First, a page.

A fine line on Idaho's public lands

State leaders agree they want active management in federal forests, but the approaches are different

rbarker@idahostatesman.comAugust 7, 2013 

Ask U.S. Sen. Mike Crapo where the discussion on managing Idaho's federal lands should start, and he doesn't hesitate.

"Collaboration," said Crapo, a Republican who has championed bringing Idaho ranchers, loggers and motorized recreationists together with environmentalists to find compromise.

Crapo met with members of the Clearwater Basin Collaborative group Wednesday in Lewiston to discuss the next step now that they have reached a broad agreement on how to manage the Clearwater-Nez Perce National Forest - all 4 million acres of it.

Timber companies, county officials, the Nez Perce Tribe, recreation groups, sportsmen, and conservation groups agreed to a work plan that includes increasing logging and other active management.

Also in the plan are additional federal wilderness and Wild Rivers designations on the national forest in north-central Idaho that is popular for recreation.

"I think the CBC is the most prominent collaborative effort in the country," Crapo said.

Republican state Rep. Lawerence Denney remains unconvinced.

He sponsored a resolution in the Idaho Legislature, patterned after a similar bill in Utah, that demanded the federal government turn over all of the 34 million acres of federal land within Idaho - 64 percent of the state's land mass. He co-chairs an interim committee of the Legislature examining whether to follow Utah's lead.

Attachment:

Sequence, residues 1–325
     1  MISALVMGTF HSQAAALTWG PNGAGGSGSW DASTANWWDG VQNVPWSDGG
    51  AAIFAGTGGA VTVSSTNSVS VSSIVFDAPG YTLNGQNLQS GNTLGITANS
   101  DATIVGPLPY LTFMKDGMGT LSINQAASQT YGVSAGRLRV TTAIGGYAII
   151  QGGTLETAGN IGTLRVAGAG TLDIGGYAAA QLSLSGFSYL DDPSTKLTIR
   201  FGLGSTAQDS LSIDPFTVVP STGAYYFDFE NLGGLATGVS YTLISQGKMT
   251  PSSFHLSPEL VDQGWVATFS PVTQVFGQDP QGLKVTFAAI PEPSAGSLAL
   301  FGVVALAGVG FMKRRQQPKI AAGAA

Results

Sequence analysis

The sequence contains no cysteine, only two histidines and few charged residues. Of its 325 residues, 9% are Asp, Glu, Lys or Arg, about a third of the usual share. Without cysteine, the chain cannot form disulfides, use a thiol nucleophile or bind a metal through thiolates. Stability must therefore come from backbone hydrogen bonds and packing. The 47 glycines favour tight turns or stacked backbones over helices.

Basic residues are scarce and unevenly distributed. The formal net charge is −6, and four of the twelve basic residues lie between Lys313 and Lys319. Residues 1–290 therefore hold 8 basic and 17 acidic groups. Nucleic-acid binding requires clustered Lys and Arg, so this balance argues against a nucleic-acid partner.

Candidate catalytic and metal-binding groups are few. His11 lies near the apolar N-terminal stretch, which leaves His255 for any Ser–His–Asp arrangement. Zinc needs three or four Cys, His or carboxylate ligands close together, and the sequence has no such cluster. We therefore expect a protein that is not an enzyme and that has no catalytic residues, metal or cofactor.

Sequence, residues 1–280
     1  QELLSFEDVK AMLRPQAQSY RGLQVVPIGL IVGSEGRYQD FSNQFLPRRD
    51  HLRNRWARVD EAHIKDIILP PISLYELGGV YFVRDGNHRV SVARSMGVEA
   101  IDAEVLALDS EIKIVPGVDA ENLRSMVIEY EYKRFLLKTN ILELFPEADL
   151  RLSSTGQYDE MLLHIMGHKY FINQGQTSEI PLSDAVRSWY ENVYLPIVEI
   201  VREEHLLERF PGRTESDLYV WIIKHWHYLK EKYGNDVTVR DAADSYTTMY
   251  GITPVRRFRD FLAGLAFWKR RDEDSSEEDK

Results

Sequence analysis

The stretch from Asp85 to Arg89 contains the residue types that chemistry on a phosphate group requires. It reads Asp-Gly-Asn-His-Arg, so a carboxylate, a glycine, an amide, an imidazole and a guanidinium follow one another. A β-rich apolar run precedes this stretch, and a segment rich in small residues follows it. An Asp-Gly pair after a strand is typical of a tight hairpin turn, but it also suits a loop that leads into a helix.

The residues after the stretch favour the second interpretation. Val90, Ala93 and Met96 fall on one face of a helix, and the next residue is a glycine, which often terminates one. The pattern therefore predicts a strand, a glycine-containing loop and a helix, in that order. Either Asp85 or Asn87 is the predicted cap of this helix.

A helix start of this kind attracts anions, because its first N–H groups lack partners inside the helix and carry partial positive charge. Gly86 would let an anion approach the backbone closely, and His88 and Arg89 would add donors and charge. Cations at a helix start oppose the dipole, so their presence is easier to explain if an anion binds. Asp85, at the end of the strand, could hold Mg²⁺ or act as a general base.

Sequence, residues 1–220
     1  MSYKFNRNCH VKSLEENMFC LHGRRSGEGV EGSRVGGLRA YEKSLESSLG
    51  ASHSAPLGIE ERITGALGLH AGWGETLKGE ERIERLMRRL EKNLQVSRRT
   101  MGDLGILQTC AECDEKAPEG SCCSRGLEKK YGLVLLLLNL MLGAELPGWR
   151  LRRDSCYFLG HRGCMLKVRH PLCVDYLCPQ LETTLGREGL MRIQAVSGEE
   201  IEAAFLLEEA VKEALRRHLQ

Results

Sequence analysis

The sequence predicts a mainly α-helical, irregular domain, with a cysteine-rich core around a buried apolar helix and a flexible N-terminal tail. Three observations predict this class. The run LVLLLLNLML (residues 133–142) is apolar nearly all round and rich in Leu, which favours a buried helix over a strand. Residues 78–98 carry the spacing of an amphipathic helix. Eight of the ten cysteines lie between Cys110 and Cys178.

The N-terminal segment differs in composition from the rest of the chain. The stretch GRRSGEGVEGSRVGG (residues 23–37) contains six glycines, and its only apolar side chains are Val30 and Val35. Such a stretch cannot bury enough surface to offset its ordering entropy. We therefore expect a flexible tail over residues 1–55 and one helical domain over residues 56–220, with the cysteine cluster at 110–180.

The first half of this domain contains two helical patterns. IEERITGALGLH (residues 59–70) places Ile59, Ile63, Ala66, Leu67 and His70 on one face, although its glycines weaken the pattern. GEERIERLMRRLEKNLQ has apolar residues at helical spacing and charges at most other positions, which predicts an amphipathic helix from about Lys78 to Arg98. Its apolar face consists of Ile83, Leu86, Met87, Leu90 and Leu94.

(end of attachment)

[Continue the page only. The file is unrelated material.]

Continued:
The panel will meet at the Capitol from 9 a.m. to 5 p.m. Friday.

"Whether we gain title or we don't is secondary," Denney said. "I hope that we can come to some solution that can benefit the resource."

He and many Idahoans seek to solve the dramatic drop in timber harvest and the thousands of jobs lost over the past 30 years in the timber industry. They blame the millions of acres burned by wildfire over the past two decades on the lack of active management to reduce fuels.

"My problem with the collaboration is it's like raindrops in the ocean - it's not doing enough to solve the problem," Denney said.

Brad Brooks of the Wilderness Society in Boise said Denney and other critics of collaboration haven't been paying attention to how his group's talks with the timber industry have delivered. His and other environmental groups don't see the fires being as destructive as lawmakers do, but they support active management to forward ecological goals.

The Forest Service increased its active management budget on the forest because of the dialogue created by the collaborative, participants say, and the agency is working toward a 50 percent annual increase in the timber harvest.

The Forest Service, backed by Crapo and the collaborative group, is three years into a 10-year restoration program for 1.4 million acres along the Middle Fork of the Clearwater River and the Selway. The project is expected to harvest up to 150 million board feet of timber and create or maintain 390 jobs. Other actions include treating weeds, aquatic habitat restoration projects, trail improvements and controlled fire use.